This week on Behind the Curtain, I discuss how theatre projections can play nice with other set pieces. I talk about how projections can do wonders to establish location and fill out the world of the show, and how that can cut down the number of other elements you might need on the stage. Although they are never meant to replace, only act as one more scenic design ‘tool’ that helps tell the story.
Video Length: 2:31 (2 minutes, 31 seconds)
QUESTION: “How Do Projections Work with Set Pieces in a Show?”
Mitch: “So scenic projections don’t necessarily have to stand alone. A lot of teachers choose to use elements on stage. To use props, to use smaller elements. What they (projections) do is allow you to not use quite as many. You can be really selective about the ones that you do use on stage. So that you’re not trying desperately to fill up the stage space. I mean, a lot of teachers…like, for example one teacher I was working with, he really had this desire to do ‘The Hobbit’ on stage. And he was kind of left with the choice of a black curtain to fill up the stage space or he would be able to have something like a scenic projection to fill up that space. Where he could actually have Middle Earth right there on stage. And so what that would allow him to do would be to create tables or have some other smaller pieces for the actors to be able to interact with on the stage, but then as far as creating the wide vast canvas of the world, the scenic projection could handle that. So then he didn’t necessarily have to focus on that. He could really focus on those pieces and parts of the show that he felt like he needed to.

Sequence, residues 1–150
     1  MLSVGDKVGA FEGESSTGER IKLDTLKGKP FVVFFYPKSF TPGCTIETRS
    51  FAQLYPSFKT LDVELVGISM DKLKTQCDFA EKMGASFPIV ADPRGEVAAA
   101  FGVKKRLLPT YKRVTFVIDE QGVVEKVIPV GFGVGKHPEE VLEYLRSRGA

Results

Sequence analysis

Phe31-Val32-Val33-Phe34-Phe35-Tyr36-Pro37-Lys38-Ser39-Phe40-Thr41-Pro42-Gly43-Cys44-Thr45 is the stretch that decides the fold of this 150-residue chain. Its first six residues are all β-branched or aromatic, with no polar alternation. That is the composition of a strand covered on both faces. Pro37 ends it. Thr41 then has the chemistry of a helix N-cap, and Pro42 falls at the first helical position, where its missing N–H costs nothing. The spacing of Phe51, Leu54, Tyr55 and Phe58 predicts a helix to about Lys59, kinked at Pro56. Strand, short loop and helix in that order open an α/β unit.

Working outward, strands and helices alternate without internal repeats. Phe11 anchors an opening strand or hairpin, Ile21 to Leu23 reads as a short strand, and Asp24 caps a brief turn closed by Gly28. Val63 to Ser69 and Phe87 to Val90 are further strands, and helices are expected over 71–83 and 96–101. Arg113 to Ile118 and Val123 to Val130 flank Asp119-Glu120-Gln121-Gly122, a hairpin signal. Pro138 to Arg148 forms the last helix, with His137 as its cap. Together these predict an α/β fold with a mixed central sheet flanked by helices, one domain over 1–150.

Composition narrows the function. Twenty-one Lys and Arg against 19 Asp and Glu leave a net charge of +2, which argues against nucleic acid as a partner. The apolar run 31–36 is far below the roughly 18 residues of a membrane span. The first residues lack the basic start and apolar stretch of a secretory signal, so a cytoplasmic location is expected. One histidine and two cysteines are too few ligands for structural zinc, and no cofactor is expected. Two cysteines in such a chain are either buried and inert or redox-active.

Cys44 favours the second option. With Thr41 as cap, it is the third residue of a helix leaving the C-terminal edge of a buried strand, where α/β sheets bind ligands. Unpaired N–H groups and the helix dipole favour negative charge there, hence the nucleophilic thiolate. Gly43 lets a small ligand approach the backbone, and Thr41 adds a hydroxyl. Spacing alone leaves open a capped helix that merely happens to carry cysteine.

One of the advantages of using scenic projections is you don’t necessarily have to have those great big heavy stage pieces. You can have things that are fairly lightweight. You can accent the scenic projections. A lot of high school and middle school teachers, they’ll take the scenic projection as kind of the initial starting point for the scenic design, then they can actually fabricate pieces that can work in conjunction with it. Or sometimes when I’m working with specific high schools, what we’ll do is they can talk to me about what they’re thinking, as far as the overall design, and then we work together, to come up with the best solution to both fill up the backdrop and then also something that’s going to gel really well with the elements that they’re going to have on stage. All of those things are part of the overall scenic design of the show. Considering the color of things and how they work in conjunction with the costumes. All of those choices are artistic choices and sometimes you want to be able to give students some tasks to do, that have to do with the artistic development, or artistic direction of the show. But then with scenic projections what you can do is take care of this other aspect that teachers may or may not want to have to deal with.”
If you’re interested in using projections in your show, check out our growing library of both still and animated digital artwork. You can also let us know what you’ve got coming—we’re always looking to add new scenes and shows!